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Located in central Florida, Orlando is one of the largest cities in the state. One of its nicknames is "The City Beautiful," due in part to its scenic wetlands and hundreds of lakes. The city was known as Jernigan until the late 1850s, when its name was officially changed to Orlando. Interestingly, historians can't seem to agree on how the city earned its name, and local legend spins at least five different stories about its origin.
Orlando experienced a major economic and residential boom in 1971 with the development of the world-famous Walt Disney World. Sea World Orlando, EPCOT Center and Disney-MGM Studios followed during the next two decades, making Orlando one of the world's most popular vacation destinations.
Living in Orlando
Orlando has a diverse economy that offers a wide range of career options. In addition to the tourism and entertainment industries, Orlando has high-tech and high-wage careers in industries like digital media, life sciences, simulation and biotechnology. Lockheed Martin, General Dynamics, Boeing and Hewlett-Packard are just a handful of the major companies that have large facilities in Orlando. You also have the option of making the convenient commute to the nearby Patrick Air Force Base or Kennedy Space Center if you work in those fields.
Depending on where you're moving from, you might find Orlando's weather to be a big change. Unlike much of the United States, Orlando doesn't have four separate seasons. Instead, its weather is categorized into just two: the rainy and hot season from May till September, and the cool and dry season from October through April. The city is considered to have a humid subtropical climate, so you can leave any winter jackets or snow boots behind when you come here.
Things to Do in Orlando
When you're in the "Theme Park Capital of the World," there's no shortage of things to do. Living in such close proximity to major attractions like Walt Disney World, Sea World and Universal Studios Florida means that you'll have to deal with crowds of tourists on a regular basis. However, one upside is that you can stop by one of the parks anytime for a spontaneous visit.
If you'd rather avoid the tourist-heavy locales of Orlando, there's still plenty of shopping, dining and entertainment to choose from. The city has a vibrant arts and culture scene, with a large theater population that makes it easy to catch a show anytime. Or, if sports are more your style, Orlando is home to a handful of professional sports teams, including the NBA's Orlando Magic.
Here are a few of the great neighborhoods to check out when you're in Orlando:
Winter Park is one of Orlando's most affluent neighborhoods, complete with its very own Park Avenue lined with luxury shopping and dining. A weekend farmers' market provides a more casual shopping experience where you can sample baked pies, homemade jams and exotic spice blends.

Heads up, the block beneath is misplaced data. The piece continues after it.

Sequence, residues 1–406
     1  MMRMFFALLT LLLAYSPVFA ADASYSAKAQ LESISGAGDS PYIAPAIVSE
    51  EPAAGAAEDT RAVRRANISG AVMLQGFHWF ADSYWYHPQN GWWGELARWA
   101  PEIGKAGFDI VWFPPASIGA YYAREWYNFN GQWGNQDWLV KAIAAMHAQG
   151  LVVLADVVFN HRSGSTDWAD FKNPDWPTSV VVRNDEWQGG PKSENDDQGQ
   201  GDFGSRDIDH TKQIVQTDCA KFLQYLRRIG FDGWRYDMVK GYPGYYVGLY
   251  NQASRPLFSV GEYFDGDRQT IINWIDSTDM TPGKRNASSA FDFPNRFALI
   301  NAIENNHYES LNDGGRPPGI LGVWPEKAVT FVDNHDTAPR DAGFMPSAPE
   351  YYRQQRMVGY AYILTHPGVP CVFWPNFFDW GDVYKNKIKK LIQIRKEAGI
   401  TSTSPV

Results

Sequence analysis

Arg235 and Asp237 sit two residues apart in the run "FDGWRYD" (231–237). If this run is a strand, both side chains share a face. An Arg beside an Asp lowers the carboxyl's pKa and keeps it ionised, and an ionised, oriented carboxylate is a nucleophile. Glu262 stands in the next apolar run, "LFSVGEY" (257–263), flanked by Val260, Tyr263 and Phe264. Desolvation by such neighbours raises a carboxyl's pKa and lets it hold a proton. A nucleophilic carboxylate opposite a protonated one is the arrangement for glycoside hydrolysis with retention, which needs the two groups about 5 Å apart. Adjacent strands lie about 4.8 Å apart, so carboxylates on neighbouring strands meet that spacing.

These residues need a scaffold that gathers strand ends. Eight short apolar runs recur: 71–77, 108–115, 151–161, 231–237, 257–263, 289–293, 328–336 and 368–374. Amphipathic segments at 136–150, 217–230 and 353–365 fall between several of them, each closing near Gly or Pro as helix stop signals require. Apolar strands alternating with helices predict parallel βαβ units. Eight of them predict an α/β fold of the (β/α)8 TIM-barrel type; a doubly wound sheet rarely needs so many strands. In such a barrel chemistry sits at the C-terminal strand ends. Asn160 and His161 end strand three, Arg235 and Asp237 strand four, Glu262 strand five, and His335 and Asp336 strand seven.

The University of Central Florida is the heart and soul of this friendly college town, with a mix of students and young families calling the area home. Football games and college theater productions are a regular occurrence in East Orlando, with the campus also offering free lectures and film showings to the public.
Lake Nona is often considered the golf capital of Orlando, and is well known as the host of the Tavistock Cup. The neighborhood was actually originally designed as a golf resort spanning several thousand acres.
The streets in College Park are named after well-known colleges of the U.S., hence its collegiate-inspired name. The neighborhood stands out as a very pedestrian-friendly spot in the generally car-centered city of Orlando, with a variety of shops and restaurants all easily accessible on foot.
Tips for Moving to Orlando
Here are a few resources to help you plan your move to Orlando:
- Utilities: The Orlando Utilities Commission provides both power and water to the Orlando area.
- Garbage and Recycling: Trash and recycling are collected curbside on a weekly basis by the City of Orlando, with weekly yard waste pick-up also offered at no cost to you.
- Public Transit: Orlando is a car-centered city, but you do have bus and limited commuter rail options for public transit.
- Personal Vehicles: New residents have 10 days to register a motor vehicle with the Florida Department of Highway Safety and Motor Vehicles.
- Pets: Orange County doesn't require pets to be licensed, but cats and dogs must maintain current rabies vaccinations.
The public schools in the Orlando area are managed by Orange County Public Schools. The school district is divided into several different learning communities, with Orlando being one of the communities in the northern region of the district. You can also elect to send your children to one of the several Orlando private schools, many of which are faith-based institutions.
If you're pursuing a college degree, there are many schools to choose from in Orlando. The University of Central Florida is a large state university located in the Orlando area, in addition to an assortment of state colleges and private universities.